Children's Online Privacy and Protection
The Children's Online Privacy Protections Act of 1998 (abbreviated COPPA) is an act of Congress which requires the Federal Trade Commission (FTC) to enforce regulations pertaining and relating to children's online privacy.
According to the FTC, nonprofit entities (such as Encouragemint) are not subject to this rule. In spite of this fact, Encouragemint is committed to the protection of children and chooses to voluntarily abide by many of the same rules and regulations of COPPA, even if we are not required to do so.
What is COPPA?
The Children's Online Privacy Protections Act is designed to help parents and legal guardians monitor and control what personal information their children share online. It relates to situations where online providers (known as "operators") such as those with websites and mobile apps collect, use, and/or disclose personal information about children under the age of thirteen. Children who are thirteen or older, along with adults do not fall under COPPA regulations. If your child is thirteen or older, but under eighteen see below.
Child personal information includes personal information provided by a child under the age of thirteen such as their name, home or other address such as a school or friend’s house, online username, email address, phone number, social security number, photograph, video, or audio recording, or
information about others in a child’s life. COPPA does not apply in instances where personal information about a child under thirteen is provided by a third party such as an older child or an adult.
Click the buttons to view our COPPA Policy, learn how to submit parental consent forms, make requests, or learn more about COPPA by visiting the FTC website and reading their list of frequently asked questions.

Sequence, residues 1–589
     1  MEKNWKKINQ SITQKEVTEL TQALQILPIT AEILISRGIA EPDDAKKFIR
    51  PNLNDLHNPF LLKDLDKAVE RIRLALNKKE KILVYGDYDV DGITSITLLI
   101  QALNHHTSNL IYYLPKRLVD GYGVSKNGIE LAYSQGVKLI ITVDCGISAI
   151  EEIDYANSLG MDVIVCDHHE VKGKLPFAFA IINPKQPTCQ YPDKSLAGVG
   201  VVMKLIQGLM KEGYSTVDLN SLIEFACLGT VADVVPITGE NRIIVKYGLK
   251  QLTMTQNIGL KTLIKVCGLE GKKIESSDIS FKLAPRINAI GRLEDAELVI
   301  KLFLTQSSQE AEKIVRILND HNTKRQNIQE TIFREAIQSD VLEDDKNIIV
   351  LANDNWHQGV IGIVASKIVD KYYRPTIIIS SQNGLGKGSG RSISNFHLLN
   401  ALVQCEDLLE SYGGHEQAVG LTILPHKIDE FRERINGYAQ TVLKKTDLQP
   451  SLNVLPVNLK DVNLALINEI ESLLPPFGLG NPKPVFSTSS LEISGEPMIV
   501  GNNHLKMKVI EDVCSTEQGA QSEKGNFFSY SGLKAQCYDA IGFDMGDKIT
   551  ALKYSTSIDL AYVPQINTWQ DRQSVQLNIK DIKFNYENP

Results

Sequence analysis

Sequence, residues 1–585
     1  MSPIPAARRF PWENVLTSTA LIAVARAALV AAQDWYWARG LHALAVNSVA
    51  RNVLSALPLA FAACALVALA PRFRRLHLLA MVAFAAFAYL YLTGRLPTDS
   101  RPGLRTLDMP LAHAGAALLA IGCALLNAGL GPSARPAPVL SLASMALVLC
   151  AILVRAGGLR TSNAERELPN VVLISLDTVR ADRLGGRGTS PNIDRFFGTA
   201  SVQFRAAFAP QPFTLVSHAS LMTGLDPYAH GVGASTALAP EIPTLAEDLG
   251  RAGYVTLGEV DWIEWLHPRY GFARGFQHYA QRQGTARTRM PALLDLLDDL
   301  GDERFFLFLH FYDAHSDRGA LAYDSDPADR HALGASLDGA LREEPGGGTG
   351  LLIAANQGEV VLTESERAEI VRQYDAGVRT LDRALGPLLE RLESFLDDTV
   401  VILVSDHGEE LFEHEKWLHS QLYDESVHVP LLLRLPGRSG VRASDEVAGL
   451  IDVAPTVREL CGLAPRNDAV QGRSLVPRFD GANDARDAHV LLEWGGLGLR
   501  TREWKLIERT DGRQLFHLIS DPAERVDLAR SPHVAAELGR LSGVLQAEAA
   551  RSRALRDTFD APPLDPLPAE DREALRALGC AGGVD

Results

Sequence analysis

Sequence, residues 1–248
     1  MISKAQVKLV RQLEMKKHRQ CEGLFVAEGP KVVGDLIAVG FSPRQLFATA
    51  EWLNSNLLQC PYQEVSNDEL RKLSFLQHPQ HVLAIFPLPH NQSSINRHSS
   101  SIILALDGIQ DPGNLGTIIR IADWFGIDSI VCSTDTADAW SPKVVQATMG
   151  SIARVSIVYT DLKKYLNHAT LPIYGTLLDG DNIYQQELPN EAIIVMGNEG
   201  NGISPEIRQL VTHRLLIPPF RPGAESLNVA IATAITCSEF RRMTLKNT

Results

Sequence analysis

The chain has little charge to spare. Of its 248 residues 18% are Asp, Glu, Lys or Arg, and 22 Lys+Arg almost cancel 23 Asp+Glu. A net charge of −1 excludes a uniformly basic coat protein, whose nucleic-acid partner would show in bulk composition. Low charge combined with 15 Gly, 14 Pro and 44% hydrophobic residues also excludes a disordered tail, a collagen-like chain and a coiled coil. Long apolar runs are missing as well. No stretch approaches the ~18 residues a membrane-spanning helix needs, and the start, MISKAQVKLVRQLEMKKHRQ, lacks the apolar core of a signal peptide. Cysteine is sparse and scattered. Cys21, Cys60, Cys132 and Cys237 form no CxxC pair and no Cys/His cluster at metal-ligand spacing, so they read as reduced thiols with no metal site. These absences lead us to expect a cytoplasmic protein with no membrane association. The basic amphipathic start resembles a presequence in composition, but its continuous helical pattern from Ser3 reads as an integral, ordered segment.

Over 13, But Under 18
The COPPA rule applies specifically to children under thirteen years of age. That leaves many people wondering what about those thirteen and above, while still under eighteen.
While there is no specific rule that pertains to the collection, use, or disclosure of personal information for children between 13 and 18, other rules that pertain to information about these individuals still apply.
For instance, parents and guardians can still view the records of their under eighteen year old children even if they cannot stop the collection of such information in the same way that they could with a younger child.
Children who are at least thirteen, but less than eighteen years of age
do not need parental/guardian consent to participate or communicate online, which includes registering on Encouragemint.org, using the Forums, sending messages to others they meet on this website, and/or having a more than one-time, single-issue conversation with Encouragemint personnel.
We still encourage parents and guardians to be aware of the online activity of their children, to educate them about issues related to online safety, and the regularly monitor what information they're sharing and with whom it's being shared.
Parents and guardians of minors also maintain the right to inspect certain records held by and pertaining to their minor children. Please click here to learn more.